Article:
Obstruction efforts by the Conservative People’s Party (EKRE) have seen the work of the Riigikogu hindered over ABIS – the automatic biometric identification system database that comprises people’s fingerprints and facial images. More than a few aspects of the bill spark uncertainty.
ABIS holds uncertainty for the future
The ABIS bill was first sent out for coordination by then Interior Minister Mart Helme (EKRE) last fall. Helme said that the initial aim of the bill was to create a new IT solution in place of old databases, while “the bill morphed into an attempt to create a super database following the initiative of officials,” which caused it to get stuck in the previous government due to opposition from the national conservatives.
Helme’s successor in the ministry Alar Laneman (EKRE) emphasized that EKRE are not against the bill as one needs to keep up with technological advancements. However, the opposition party is critical of several details regarding which its amendment proposals were not heeded. “No law remains unchanged going from an initiative to being passed. Amendments are a natural process,” Laneman said.
Minister of the Interior Kristian Jaani (Center Party) said that no existing rules of personal data processing will be amended. “ABIS will not introduce new legal grounds for the processing of personal data and will instead see the creation of a standalone database in order to adopt modern technical solutions.” For that purpose, fingerprints and photographs of people, or their biometric data, currently processed in one database will be separated from their biographic data, such as name and personal identification code.
Laneman described the initiative as a good idea with a but. “Why this reluctance to introduce guarantees in the bill? There were several questionable aspects. Firstly, what kind of data is collected exactly. Who has access to the database? And perhaps the most covert and most important aspect is that any such capacity should clearly follow democratic process. Any future plans for adding more data or rendering the project even more powerful should be subject to control on the legislative level.”
Laneman also raised security concerns, pointing out several recent issues involving databases. “It is often the same group of companies and specialists handling these matters in our small country. I believe we have reason to delve deep and ask whether we have received answers to all our questions,” Laneman said, adding that he is disappointed the process has been rendered political.
Former state internal security expert Erkki Koort sees the need for greater emphasis on parliamentary or civil control.
“The current measure of civil control and the parliament’s ability to realistically keep tabs on various aspects remains questionable at present,” Koort found.
The media has previously written about the interior ministry’s promise to keep fingerprints used to issue travel documents separate from those used in criminal proceedings. This condition will be abolished in the new database.
Koort, who served as deputy secretary general of the ministry, says there was a the plan to keep the two fingerprint databases separate and that he does not know what caused things to change. He suggests changes started happening when the Police and Border Guard Board merger took place. This brought the citizenship and migration authority that had until then been in possession of the fingerprints database under the same roof with the police.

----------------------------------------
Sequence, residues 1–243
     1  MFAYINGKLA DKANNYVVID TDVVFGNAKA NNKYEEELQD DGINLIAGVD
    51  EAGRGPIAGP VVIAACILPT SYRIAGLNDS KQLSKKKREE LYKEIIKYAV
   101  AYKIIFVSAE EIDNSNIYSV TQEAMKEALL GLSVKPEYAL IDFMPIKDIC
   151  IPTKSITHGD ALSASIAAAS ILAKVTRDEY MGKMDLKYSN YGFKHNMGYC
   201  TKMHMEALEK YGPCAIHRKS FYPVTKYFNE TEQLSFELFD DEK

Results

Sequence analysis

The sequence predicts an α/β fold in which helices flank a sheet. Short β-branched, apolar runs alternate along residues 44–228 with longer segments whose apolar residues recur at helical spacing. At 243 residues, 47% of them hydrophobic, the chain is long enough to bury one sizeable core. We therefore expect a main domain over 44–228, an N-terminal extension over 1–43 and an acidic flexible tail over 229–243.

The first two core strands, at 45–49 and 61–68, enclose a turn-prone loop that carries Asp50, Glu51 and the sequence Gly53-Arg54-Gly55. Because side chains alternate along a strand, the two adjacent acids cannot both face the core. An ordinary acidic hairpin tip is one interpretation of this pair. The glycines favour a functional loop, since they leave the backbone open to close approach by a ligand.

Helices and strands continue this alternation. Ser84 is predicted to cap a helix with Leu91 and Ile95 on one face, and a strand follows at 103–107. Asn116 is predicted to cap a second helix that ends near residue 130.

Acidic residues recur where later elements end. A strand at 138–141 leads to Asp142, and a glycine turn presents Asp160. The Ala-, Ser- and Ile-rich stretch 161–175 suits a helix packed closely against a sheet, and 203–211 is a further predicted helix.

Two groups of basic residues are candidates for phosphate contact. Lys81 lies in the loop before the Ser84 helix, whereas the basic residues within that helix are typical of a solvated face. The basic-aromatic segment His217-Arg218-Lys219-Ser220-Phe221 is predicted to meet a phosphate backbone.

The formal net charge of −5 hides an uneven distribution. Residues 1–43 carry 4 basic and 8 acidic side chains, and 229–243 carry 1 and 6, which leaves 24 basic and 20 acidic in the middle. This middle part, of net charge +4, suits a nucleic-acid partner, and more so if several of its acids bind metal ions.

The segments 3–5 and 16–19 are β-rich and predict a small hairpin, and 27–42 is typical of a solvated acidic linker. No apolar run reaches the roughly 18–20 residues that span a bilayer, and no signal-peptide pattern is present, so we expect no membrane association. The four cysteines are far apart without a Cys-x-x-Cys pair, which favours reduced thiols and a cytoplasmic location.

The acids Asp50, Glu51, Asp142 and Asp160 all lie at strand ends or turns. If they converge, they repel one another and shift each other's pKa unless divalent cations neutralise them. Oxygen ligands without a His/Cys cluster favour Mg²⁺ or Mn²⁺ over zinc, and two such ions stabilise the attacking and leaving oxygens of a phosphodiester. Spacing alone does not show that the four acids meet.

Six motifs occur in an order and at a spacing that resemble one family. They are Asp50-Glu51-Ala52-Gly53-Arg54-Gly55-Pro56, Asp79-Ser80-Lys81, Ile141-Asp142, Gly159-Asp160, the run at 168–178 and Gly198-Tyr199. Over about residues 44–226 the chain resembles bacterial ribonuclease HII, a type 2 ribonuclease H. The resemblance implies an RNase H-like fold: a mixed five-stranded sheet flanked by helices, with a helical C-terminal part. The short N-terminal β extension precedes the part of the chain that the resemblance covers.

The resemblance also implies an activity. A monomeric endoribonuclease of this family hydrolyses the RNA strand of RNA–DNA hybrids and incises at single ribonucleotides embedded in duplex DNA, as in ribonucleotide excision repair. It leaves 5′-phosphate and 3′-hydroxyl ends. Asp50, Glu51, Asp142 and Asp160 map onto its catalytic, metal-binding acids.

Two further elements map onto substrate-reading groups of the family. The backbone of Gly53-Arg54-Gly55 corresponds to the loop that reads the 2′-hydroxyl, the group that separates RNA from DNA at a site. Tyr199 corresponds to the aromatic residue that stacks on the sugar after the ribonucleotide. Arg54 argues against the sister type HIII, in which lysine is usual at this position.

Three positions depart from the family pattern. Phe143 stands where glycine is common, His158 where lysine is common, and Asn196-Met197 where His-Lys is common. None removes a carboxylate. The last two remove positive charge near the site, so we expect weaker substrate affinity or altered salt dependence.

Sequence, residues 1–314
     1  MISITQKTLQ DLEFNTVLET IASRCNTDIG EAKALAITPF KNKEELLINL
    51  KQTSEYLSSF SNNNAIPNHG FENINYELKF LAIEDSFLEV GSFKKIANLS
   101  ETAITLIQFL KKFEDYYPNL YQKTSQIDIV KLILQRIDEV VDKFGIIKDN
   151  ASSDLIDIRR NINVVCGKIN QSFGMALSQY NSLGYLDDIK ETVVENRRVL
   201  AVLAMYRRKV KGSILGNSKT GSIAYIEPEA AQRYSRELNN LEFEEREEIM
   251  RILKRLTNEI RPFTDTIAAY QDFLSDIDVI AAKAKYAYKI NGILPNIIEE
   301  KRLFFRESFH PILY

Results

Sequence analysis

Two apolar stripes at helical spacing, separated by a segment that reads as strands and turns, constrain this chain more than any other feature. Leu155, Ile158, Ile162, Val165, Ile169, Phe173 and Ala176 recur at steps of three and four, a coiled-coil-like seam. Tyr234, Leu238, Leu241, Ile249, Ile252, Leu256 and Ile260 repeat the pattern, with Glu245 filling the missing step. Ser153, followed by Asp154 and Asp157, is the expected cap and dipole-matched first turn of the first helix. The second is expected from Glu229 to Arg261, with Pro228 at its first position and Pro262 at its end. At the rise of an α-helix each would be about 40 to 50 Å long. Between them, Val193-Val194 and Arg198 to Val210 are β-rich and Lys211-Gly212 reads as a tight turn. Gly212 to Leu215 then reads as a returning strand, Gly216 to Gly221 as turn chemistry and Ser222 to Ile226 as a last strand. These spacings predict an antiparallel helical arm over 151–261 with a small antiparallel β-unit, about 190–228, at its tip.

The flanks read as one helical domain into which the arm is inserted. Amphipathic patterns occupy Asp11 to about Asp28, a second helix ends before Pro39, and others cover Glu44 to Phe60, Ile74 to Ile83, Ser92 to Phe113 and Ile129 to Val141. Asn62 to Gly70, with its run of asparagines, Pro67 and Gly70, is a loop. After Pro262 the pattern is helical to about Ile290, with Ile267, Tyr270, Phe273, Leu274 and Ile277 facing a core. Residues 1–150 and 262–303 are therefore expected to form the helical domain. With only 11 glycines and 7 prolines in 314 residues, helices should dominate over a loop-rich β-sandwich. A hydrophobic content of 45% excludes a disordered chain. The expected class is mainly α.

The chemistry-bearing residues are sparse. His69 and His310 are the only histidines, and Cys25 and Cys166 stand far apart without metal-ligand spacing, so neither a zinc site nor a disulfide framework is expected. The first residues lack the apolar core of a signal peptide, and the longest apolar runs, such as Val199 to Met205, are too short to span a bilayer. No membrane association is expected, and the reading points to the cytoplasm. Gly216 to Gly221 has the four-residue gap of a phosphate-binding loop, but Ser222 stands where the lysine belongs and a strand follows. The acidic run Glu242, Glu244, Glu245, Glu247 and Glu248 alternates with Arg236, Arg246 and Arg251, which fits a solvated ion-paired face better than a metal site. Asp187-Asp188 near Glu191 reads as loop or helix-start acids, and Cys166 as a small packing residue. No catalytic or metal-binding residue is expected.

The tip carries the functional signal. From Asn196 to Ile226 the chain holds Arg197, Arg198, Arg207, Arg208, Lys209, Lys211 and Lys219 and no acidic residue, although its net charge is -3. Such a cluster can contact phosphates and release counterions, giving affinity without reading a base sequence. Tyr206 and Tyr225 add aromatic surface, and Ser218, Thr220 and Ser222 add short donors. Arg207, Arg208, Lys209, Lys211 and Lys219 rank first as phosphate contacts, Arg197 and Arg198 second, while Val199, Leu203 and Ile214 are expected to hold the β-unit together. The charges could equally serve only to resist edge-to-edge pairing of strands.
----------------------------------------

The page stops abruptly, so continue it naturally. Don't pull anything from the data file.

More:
However, Koort does not see the bill as problematic in the grand scheme of things as Estonia has been working on this matter on the EU level for years. “We can look at the example of a European country that compared its criminal and asylum seekers fingerprint databases and found that every sixth set was a match. Without making the comparison, a lot more resources would have been spent on identifying violators, including people coming from the outside.” He added that it it insensible to render one’s country more expensive and inefficient by refusing to use existing data.
Sworn lawyer Leon Glikman sees the bill as problematic first and foremost from the point of view of legal certainty and good legislative practice. “Because the state initially promised to use fingerprints and facial recognition data solely for identification purposes and is now seeking to expand that use to criminal proceedings, the bill would have required a much broader public debate,” Glikman said, pointing to the right not to incriminate oneself. “Surrendering one’s biometric data, one is unfortunately doing just that,” the legal expert said.
Possibilities of science
Glikman does not agree with those who claim the state should not collect biometric data at all as it would be foolish not to take advantage of scientific advancement. “The European Court of Human Rights has said that adoption of new technical tools opens the door to extensive basic rights infringement, which is why the law must be especially thorough in prohibiting misuse. The current bill should be rendered more detailed to ensure use of data following the principle of ultima ratio.”
Glikman said that the main aim of data processing should be identification, the list of officials with access to and responsibility for the integrity of data should be disclosed and every instance of data being accessed recorded, and the person whose right to privacy was breached should be notified immediately, alongside being given financial compensation.